Saturday, August 11, 2012

Birth Story: At Home

Axel, 2012

At around 4 p.m. on Sunday, it was pretty clear I was in active labor. We put on some mellow music (the Bonobo station on Pandora, it was like being at an expensive spa) and I got in the shower. This is when things started to get trippy. 

In a lot of ways, I found the early labor harder, because my endorphins hadn’t kicked in and I was trying to rationalize what was happening to my body and over think it all and wonder how much time I had left. From our childbirth classes and my reading, I knew that there was some kind of hormonal pain relief that kicks in in labor, but until that shower I didn’t quite believe it. Once I was under the water though, I started to feel a little high. The pain was there, and it was hard, and I was vocalizing and probably scary to watch, but I was feeling weirdly pretty great. 

I kept picturing those extreme surfing videos, of these amazing athletes out on an enormous break in Hawaii, committing to each wave. Now, I’m not a surfer, beyond having taken a lesson once in San Diego. But I think the surfing analogy just really resonated with me at the time because it reminded me that it was an athletic endeavor, but you only had to take it one wave at a time. 

The doula arrived when I was in the shower, and I remember noting that I was so utterly uninhibited about being buck naked around a relative stranger. Once I got out of the shower, she started to massage my lower back with each contraction. When one was particularly bad (I remember thinking something a long the lines of “Fuck you Ina May Gaskin! You thought this was a good idea?”) the doula told me that that meant that that contraction was doing a lot of work thinning my cervix. It helped to think that the pain was doing something, and when she said things like “You’re that much closer,” I found it really helpful.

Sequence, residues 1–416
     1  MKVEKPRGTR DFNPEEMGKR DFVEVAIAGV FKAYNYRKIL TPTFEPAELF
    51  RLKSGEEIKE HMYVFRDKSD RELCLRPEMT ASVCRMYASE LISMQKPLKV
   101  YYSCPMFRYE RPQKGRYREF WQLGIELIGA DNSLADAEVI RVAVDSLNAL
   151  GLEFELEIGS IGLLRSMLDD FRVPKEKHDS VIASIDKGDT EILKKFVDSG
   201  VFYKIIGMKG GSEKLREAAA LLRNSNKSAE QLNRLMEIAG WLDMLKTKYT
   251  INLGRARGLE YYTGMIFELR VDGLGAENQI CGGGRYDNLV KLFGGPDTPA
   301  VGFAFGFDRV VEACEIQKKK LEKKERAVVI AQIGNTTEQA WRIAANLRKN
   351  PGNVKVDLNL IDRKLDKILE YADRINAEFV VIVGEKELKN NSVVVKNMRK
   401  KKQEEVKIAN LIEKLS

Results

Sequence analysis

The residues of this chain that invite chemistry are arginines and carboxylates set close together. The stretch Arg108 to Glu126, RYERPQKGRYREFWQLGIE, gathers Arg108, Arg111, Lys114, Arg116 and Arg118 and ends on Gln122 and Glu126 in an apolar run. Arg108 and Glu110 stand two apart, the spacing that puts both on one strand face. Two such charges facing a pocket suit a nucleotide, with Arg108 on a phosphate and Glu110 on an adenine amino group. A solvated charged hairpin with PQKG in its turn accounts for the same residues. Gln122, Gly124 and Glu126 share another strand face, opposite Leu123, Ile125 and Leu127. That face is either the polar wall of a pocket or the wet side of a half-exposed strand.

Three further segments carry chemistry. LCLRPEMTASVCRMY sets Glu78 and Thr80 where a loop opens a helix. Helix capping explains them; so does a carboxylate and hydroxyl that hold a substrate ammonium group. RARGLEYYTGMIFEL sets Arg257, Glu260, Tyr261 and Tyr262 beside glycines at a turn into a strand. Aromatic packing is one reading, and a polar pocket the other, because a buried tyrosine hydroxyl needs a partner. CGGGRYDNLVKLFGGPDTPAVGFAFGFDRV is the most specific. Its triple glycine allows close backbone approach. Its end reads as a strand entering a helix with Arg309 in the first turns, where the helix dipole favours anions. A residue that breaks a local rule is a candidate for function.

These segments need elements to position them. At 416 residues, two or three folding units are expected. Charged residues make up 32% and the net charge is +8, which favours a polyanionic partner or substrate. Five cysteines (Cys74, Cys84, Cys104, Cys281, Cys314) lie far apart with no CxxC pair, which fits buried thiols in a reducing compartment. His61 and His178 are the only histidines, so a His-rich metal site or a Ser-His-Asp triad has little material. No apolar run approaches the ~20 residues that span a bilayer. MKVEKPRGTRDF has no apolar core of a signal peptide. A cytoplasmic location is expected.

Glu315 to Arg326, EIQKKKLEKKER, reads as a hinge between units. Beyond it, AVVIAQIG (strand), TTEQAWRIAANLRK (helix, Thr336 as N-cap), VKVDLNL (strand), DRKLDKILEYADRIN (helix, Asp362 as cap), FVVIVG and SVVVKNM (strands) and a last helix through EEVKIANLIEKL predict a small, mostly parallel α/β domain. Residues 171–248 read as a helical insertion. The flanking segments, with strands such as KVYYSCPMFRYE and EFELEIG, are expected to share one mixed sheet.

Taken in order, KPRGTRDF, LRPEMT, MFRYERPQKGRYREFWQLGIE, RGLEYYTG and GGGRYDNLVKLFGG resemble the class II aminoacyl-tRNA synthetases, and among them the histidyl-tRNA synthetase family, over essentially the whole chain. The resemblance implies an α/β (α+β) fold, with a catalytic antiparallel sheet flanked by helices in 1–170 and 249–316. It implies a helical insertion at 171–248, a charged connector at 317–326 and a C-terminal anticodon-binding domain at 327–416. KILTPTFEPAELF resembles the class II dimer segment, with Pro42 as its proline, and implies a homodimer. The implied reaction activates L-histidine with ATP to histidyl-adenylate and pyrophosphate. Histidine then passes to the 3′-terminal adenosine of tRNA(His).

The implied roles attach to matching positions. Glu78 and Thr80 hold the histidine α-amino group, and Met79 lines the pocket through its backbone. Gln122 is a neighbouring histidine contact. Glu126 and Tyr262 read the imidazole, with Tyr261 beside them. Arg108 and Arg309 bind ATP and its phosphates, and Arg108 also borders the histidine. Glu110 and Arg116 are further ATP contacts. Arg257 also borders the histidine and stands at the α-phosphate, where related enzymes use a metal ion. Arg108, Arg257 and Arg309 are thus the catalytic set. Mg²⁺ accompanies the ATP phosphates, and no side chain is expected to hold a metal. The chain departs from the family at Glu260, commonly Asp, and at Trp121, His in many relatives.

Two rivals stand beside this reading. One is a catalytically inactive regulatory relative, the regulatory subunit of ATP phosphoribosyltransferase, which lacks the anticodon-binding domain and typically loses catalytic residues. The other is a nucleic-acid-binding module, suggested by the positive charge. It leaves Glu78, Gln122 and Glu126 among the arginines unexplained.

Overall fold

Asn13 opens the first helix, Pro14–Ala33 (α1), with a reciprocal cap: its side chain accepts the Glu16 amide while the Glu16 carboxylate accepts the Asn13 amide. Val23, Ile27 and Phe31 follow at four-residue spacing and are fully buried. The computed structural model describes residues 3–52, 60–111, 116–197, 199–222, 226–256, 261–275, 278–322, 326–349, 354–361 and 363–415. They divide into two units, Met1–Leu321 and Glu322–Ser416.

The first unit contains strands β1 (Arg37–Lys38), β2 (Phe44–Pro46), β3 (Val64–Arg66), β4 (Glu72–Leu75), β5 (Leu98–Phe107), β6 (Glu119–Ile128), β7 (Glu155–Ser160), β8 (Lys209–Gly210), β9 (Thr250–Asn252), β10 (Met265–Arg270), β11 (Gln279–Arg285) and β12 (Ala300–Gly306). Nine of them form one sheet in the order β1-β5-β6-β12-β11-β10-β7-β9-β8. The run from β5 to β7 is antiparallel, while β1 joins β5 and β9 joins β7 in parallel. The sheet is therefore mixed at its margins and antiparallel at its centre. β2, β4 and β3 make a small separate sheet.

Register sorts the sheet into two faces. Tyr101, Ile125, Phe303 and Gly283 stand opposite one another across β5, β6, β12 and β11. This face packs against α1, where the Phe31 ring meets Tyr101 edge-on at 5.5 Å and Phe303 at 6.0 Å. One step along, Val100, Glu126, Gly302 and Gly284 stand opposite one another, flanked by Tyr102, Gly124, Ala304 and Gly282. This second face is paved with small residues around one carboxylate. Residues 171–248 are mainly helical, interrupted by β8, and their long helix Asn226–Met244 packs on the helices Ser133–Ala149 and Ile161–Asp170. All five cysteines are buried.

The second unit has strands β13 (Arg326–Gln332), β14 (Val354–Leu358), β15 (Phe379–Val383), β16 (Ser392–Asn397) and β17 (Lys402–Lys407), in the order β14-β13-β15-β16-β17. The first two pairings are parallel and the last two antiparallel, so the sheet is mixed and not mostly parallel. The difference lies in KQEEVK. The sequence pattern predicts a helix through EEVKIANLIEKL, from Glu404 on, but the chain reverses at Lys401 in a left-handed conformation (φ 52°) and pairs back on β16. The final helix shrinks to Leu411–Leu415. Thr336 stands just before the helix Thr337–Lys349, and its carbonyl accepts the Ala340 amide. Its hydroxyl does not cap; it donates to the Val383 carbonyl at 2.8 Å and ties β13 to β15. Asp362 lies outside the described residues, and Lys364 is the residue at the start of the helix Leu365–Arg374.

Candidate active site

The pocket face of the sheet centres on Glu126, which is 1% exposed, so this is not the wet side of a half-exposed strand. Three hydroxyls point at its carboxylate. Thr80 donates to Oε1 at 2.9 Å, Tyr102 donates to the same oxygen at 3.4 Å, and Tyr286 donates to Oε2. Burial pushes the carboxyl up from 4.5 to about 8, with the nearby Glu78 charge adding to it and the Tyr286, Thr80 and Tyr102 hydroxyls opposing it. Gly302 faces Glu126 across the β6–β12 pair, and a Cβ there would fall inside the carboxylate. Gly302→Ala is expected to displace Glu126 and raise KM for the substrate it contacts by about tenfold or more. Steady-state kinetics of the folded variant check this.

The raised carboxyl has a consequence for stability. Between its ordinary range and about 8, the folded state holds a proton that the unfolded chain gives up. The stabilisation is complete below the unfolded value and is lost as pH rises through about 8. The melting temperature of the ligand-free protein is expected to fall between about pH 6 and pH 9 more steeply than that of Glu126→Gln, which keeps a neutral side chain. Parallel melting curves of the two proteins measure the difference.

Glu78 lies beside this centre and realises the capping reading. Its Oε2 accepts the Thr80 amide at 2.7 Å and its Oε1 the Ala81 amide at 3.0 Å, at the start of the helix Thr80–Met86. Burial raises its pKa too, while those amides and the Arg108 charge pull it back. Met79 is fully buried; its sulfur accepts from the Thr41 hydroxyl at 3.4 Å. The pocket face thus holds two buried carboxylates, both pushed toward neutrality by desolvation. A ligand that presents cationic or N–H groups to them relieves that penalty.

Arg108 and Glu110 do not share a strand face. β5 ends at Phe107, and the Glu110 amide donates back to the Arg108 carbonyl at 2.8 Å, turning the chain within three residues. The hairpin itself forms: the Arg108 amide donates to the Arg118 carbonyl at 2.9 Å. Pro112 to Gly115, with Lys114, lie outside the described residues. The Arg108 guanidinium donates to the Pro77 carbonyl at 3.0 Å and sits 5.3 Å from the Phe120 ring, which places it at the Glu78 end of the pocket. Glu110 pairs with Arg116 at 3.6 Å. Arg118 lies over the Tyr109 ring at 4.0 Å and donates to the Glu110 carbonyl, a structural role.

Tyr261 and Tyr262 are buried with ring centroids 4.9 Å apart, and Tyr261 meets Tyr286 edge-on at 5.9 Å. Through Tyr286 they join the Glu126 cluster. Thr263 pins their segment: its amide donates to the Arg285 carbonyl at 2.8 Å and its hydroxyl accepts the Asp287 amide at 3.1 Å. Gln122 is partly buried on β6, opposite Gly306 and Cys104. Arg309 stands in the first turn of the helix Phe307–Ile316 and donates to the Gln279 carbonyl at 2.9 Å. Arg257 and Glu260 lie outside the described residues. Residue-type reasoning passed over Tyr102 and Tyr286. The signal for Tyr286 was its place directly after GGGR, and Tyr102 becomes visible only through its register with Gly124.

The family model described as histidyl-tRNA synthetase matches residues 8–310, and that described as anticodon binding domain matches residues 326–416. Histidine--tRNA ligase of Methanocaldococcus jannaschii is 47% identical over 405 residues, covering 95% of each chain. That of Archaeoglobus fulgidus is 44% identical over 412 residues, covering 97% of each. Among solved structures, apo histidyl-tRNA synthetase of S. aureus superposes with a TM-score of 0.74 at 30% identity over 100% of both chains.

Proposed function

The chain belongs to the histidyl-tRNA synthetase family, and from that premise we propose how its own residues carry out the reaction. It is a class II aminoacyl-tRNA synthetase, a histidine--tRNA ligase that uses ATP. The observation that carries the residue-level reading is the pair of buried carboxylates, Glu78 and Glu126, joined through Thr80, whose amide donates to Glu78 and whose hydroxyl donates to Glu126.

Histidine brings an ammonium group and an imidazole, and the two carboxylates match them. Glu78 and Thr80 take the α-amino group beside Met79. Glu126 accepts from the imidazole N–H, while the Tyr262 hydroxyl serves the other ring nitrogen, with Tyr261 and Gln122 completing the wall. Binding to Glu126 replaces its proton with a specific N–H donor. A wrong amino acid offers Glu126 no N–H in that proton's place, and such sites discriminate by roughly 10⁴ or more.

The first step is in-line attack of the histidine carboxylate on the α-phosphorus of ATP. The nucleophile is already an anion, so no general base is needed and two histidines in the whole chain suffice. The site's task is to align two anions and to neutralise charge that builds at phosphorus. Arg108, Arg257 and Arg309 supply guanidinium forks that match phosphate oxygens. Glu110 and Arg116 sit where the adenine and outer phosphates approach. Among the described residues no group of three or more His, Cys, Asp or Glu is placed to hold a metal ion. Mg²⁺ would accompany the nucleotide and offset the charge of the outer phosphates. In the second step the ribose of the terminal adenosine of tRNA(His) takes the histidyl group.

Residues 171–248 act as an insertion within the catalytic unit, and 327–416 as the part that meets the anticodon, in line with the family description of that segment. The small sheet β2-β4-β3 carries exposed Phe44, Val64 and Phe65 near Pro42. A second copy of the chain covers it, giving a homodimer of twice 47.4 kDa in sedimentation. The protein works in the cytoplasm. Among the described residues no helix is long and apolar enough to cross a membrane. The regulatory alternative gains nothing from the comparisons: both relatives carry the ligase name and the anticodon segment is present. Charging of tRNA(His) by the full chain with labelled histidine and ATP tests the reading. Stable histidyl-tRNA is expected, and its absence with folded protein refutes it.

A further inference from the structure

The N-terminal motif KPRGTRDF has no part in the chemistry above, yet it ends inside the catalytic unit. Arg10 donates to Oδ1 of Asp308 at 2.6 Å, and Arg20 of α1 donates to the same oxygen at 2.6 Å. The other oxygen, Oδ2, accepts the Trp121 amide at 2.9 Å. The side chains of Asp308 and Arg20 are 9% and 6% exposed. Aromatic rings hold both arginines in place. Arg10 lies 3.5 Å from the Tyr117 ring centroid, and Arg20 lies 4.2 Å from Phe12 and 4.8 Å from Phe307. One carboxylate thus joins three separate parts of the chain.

We sort of moved from the Pilates ball to our bed to the living room in a weird little circuit, and she’d try to get me to walk a little to help make things move more quickly. It was getting difficult as I was beginning to get an extreme feeling of pressure when I was vertical. Not quite yet a desire to push but something like it. It unnerved me a little bit, as did the amount of blood I was seeing, and in the back of my mind I started to think that we should get to the hospital. The doula didn’t seem to feel that we were in a rush, which I found perplexing. I remember thinking something like “this crazy hippie wants me to have this baby in the bath tub!” Indeed, when I mentioned the hospital, she suggested I get in the tub. But after a while, that sensation of pressure was building even more and I was feeling like it was time to go. 

Right then, at about 7:45 p.m. on Sunday, the sky opened up, and we were in the middle of one of the most dramatic thunderstorms I’d ever seen. Will got our bags while I dried off and dressed, and we went down to the car, with me and the doula in the back. 

There must have been a concert on the waterfront that night that had been rained out, because the intersection of Bedford and North 6th looked like some kind of Ibiza rave. Hundreds of 20-somethings running this way and that trying to find somewhere dry. It was really odd to be in the quiet car and watching this all unfold. 

We got to NYU about 20 minutes later. 

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